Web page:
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Poem by Ben Jonson


An Elegy (Since you must go)


Since you must go, and I must bid farewell,
Hear, mistress, your departing servant tell
What it is like :  and do not think they can
Be idle words, though of a parting man.
It is as if a night should shade noon-day,
Or that the sun was here, but forced away ;
And we were left under that hemisphere,
Where we must feel it dark for half a year.
What fate is this, to change men's days and hours,
To shift their seasons, and destroy their powers !
Alas !  I have lost my heat, my blood, my prime,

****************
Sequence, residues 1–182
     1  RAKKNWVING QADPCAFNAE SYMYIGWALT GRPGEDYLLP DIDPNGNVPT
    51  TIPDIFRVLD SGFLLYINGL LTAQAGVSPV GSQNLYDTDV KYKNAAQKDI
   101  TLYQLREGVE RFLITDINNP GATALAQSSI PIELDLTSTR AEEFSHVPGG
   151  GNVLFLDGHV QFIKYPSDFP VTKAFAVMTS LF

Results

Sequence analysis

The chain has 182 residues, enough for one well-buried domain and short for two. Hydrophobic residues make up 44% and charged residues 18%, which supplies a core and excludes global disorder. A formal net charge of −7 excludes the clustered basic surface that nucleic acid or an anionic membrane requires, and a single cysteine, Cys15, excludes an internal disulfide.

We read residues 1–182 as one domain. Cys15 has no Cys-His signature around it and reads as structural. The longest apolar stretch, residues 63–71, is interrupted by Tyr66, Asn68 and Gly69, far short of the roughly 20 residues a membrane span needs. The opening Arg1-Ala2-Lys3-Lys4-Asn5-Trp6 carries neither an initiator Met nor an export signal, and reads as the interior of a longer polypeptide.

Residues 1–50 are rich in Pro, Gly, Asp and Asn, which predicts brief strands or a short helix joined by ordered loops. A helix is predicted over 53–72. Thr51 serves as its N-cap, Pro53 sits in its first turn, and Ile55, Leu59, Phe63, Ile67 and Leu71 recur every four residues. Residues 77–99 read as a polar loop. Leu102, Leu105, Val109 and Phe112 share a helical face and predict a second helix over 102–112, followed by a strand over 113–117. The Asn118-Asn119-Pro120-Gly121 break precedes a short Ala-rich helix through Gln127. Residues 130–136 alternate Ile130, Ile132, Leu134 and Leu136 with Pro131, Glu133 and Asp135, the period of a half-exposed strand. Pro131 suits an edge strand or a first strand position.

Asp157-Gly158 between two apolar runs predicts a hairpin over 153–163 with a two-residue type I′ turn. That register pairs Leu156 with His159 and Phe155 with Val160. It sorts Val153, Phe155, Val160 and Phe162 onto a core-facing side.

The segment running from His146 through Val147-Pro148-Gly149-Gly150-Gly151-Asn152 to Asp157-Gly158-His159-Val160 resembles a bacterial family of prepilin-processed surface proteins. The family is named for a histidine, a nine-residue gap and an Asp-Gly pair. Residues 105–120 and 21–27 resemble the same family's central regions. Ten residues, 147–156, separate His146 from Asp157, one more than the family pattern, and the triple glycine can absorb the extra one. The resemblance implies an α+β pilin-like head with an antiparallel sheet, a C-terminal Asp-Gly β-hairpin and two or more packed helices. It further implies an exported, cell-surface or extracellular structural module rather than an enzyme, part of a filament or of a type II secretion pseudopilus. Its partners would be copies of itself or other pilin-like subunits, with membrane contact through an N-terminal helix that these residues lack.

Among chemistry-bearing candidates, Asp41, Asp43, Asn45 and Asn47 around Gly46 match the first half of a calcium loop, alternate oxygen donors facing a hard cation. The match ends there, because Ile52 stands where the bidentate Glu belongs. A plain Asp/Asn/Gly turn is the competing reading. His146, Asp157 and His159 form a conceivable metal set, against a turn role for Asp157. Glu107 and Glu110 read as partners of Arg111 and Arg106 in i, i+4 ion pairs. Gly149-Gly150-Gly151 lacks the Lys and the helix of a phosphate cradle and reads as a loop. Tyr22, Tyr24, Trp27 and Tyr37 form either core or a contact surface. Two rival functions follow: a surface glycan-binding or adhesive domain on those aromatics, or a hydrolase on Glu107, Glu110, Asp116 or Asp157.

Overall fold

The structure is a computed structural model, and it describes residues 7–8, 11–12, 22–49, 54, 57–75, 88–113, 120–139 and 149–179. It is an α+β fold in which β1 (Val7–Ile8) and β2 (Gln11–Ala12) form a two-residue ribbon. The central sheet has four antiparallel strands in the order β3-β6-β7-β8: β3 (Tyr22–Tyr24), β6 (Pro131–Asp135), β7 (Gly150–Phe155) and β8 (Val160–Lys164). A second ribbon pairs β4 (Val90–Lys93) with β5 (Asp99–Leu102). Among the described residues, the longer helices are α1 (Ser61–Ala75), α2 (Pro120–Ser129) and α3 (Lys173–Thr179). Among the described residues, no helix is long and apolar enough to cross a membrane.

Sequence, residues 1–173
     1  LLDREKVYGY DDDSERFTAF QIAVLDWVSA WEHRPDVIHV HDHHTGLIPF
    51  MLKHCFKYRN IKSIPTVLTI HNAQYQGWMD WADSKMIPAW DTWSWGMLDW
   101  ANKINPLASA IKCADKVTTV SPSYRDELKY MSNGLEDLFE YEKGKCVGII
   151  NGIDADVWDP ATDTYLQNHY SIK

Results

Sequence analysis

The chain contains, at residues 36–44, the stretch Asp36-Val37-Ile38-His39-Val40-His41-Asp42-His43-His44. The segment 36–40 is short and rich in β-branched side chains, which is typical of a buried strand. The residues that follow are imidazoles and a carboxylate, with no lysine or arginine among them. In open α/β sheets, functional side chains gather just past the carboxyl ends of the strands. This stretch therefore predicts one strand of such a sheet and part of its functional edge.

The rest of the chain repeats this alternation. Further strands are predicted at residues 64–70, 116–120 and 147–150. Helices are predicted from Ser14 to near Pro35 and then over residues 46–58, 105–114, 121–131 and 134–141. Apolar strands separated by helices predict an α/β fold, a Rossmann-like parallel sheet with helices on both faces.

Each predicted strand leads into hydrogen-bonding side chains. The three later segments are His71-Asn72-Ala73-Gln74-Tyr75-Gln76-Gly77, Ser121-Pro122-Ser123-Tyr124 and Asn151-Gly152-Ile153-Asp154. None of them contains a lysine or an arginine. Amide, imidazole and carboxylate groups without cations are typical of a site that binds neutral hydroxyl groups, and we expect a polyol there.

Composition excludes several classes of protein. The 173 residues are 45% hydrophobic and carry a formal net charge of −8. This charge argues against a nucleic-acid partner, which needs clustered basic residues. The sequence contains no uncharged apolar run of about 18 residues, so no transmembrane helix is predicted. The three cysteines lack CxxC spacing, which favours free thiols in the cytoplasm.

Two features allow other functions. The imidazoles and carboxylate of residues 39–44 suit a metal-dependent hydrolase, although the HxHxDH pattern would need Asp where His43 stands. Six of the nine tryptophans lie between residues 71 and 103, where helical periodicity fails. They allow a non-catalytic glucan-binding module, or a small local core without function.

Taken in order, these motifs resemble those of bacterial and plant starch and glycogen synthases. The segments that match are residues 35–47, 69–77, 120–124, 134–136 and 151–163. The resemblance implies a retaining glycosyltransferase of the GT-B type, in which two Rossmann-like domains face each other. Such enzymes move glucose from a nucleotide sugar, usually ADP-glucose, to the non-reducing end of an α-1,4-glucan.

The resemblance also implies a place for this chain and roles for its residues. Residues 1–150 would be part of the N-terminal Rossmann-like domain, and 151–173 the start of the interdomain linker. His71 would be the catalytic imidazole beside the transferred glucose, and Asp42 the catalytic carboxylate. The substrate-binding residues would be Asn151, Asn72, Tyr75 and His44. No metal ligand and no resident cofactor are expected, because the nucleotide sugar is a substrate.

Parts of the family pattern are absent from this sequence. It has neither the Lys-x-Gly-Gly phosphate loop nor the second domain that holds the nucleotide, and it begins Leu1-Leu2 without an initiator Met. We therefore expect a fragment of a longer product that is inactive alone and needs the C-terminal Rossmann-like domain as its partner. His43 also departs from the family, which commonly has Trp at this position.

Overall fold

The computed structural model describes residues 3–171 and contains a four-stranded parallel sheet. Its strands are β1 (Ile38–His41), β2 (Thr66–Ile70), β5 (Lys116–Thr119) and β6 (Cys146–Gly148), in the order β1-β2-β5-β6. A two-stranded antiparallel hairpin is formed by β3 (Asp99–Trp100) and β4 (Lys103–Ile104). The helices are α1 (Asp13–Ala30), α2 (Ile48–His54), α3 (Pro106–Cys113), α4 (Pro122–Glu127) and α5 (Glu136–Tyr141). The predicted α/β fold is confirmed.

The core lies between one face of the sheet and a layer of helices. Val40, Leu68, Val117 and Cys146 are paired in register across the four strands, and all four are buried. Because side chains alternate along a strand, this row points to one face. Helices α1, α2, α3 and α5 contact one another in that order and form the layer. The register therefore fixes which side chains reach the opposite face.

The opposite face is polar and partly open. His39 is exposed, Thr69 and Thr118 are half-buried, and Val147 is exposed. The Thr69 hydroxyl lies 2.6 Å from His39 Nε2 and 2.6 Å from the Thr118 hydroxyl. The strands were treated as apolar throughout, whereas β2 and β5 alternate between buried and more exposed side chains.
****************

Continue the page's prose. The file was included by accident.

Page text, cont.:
Winter is come a quarter ere his time.
My health will leave me ; and when you depart,
How shall I do, sweet mistress, for my heart ?
You would restore it !  no ; that's worth a fear,
As if it were not worthy to be there :
O keep it still ; for it had rather be
Your sacrifice, than here remain with me.
And so I spare it :  come what can become
Of me, I'll softly tread unto my tomb ;
Or, like a ghost, walk silent amongst men,
Till I may see both it and you agen.



Ben Jonson


Ben Jonson's other poems:
  1. Epitaph on the Countess of Pembroke
  2. To Censorious Courtling
  3. To Francis Beaumont
  4. Begging Another
  5. Porth Ceiriad Bay


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